6. Solar lentigines
Solar lentigines are small hyperpigmented lesions that can be found on sun-exposed areas such as the face, neck, and arms. These lesions generally do not require any form of treatment, but it is advisable to consult with a dermatologist if there are any irregularities in shape, color, or size in order to rule out melanoma. Using sunscreen, as well as other photoprotective practices like seeking shade and wearing a wide-brimmed hat can help prevent solar lentigines.
Infections in the elderly can be bacterial, viral, or fungal in nature. The most common infectious skin conditions include the following:
- Cellulitis – a bacterial infection of the subcutaneous fat that mostly affects the lower legs in the elderly population. Lesions appear as red patches, plaques, or even ulcers, which can be tender and warm-to-touch. Treatment includes the use of topical and systemic antibiotics.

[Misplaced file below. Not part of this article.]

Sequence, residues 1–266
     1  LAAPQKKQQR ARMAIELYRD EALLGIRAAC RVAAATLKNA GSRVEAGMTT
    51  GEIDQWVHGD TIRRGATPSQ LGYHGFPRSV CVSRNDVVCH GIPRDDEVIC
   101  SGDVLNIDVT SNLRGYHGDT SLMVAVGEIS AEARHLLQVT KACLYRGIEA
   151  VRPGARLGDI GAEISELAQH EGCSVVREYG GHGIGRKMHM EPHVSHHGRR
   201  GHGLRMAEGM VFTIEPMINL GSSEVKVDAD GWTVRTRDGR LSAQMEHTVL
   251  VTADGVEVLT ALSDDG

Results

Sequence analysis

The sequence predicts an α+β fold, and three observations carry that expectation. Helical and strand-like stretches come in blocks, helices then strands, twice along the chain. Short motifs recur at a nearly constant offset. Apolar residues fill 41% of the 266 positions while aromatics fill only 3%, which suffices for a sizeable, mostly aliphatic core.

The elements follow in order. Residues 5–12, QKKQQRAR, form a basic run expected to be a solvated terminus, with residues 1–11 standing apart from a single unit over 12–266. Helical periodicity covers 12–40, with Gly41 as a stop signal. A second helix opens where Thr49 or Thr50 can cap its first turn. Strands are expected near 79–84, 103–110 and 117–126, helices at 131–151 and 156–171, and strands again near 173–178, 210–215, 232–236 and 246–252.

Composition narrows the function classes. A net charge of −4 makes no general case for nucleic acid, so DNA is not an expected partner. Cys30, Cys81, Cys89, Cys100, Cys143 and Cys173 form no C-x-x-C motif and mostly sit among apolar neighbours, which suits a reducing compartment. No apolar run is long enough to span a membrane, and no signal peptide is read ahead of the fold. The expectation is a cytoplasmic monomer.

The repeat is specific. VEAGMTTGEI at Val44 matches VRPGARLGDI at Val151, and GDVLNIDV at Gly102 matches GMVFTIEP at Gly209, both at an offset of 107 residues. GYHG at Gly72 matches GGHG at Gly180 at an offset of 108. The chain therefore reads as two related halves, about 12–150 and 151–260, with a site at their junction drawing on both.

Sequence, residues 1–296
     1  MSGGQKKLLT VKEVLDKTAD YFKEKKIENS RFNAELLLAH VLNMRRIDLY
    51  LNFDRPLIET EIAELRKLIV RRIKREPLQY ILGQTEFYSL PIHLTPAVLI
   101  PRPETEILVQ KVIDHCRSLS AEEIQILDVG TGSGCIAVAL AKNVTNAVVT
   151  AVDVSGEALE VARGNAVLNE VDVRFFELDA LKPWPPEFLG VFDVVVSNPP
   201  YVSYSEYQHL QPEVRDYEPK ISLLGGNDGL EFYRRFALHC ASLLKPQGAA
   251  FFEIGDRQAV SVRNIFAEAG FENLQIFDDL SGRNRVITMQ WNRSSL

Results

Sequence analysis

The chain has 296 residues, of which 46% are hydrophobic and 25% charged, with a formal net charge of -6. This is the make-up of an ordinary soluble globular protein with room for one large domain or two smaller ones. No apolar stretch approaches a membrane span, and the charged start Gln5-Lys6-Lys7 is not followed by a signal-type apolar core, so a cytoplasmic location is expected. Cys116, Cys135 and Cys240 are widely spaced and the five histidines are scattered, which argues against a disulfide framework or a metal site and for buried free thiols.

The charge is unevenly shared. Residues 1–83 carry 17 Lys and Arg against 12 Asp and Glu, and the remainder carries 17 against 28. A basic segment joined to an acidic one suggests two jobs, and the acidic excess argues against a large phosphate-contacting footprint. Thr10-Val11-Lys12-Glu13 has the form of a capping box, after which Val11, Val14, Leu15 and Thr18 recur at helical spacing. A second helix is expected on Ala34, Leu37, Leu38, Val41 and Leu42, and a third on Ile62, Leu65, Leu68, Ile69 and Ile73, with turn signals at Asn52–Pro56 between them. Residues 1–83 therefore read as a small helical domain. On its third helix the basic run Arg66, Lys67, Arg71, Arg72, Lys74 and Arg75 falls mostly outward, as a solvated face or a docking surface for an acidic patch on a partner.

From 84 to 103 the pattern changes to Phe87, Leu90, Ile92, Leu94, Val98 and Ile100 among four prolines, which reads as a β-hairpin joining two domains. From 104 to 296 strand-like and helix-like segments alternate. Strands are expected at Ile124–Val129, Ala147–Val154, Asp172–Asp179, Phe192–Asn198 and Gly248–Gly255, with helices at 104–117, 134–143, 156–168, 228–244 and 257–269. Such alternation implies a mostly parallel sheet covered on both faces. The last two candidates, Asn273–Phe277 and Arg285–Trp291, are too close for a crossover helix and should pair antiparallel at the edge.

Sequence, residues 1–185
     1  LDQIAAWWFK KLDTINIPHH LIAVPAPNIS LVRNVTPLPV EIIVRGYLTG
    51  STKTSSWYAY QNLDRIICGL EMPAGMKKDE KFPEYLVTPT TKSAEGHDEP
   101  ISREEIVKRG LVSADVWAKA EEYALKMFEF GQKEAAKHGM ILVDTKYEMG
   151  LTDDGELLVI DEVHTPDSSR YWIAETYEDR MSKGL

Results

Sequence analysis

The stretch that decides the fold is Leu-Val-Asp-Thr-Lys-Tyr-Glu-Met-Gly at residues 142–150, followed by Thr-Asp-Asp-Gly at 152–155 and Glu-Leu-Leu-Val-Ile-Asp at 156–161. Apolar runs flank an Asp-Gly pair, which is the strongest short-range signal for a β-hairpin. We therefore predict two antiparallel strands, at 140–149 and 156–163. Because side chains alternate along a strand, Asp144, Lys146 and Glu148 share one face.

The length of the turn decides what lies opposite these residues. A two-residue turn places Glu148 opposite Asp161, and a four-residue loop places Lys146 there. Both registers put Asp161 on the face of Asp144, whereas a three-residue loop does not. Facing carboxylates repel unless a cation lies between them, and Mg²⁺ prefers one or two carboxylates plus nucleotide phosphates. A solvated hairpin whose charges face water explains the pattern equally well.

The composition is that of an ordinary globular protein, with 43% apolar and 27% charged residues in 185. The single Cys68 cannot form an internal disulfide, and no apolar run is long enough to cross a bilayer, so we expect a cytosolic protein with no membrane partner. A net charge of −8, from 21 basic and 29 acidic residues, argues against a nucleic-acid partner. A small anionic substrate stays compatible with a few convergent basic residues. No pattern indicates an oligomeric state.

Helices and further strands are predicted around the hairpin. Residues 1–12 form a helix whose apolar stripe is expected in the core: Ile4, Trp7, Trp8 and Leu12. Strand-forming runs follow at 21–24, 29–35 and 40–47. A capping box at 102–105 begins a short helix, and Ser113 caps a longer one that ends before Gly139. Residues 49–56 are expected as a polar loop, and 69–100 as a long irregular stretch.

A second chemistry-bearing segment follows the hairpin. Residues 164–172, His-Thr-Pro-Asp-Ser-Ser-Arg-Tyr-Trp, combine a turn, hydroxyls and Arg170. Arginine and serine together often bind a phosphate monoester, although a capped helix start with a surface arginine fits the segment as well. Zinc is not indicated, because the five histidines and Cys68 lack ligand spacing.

- Herpes zoster (Shingles) – a viral infection due to the reactivation of the chickenpox virus. Lesions appear as painful, grouped, red vesicles following a unilateral and dermatomal pattern. Antivirals may be given as treatment, as well as wet to dry dressings and calamine lotion. Non-steroidal anti-inflammatory drugs may also be given to address the pain.
- Onychomycosis – a fungal infection affecting the nails, most commonly the toenails. There can be some yellowish discoloration, thickening of the nail bed, and eventual separation of the nail plate from the nail bed. Oral antifungals are given to treat onychomycosis.
8. Scabies infestation
Scabies is common in the elderly population, especially those living in nursing homes. It is caused by the scabies mite (Sarcoptes scabiei), and can be easily transmitted from person to person. Lesions appear as small red dots affecting the wrists, armpits, finger webs, areola, periumbilical area, genitals, and buttocks. Lesions are usually itchy at night. Topical scabicides such as permethrin should be given as treatment.